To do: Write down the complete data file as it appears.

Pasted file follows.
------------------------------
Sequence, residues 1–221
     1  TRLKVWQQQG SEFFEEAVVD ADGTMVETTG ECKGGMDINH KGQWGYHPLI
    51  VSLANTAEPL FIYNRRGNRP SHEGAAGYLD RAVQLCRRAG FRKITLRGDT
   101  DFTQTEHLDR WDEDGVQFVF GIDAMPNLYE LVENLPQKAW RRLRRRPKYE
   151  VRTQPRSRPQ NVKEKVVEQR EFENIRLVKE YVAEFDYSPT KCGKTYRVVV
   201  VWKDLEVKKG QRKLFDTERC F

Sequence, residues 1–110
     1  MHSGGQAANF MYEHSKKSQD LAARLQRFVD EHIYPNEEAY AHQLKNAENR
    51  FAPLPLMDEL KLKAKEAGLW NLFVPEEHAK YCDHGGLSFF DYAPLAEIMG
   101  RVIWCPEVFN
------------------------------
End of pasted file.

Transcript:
Sequence, residues 1–221
     1  TRLKVWQQQG SEFFEEAVVD ADGTMVETTG ECKGGMDINH KGQWGYHPLI
    51  VSLANTAEPL FIYNRRGNRP SHEGAAGYLD RAVQLCRRAG FRKITLRGDT
   101  DFTQTEHLDR WDEDGVQFVF GIDAMPNLYE LVENLPQKAW RRLRRRPKYE
   151  VRTQPRSRPQ NVKEKVVEQR EFENIRLVKE YVAEFDYSPT KCGKTYRVVV
   201  VWKDLEVKKG QRKLFDTERC F

Sequence, residues 1–110
     1  MHSGGQAANF MYEHSKKSQD LAARLQRFVD EHIYPNEEAY AHQLKNAENR
    51  FAPLPLMDEL KLKAKEAGLW NLFVPEEHAK YCDHGGLSFF DYAPLAEIMG
   101  RVIWCPEVFN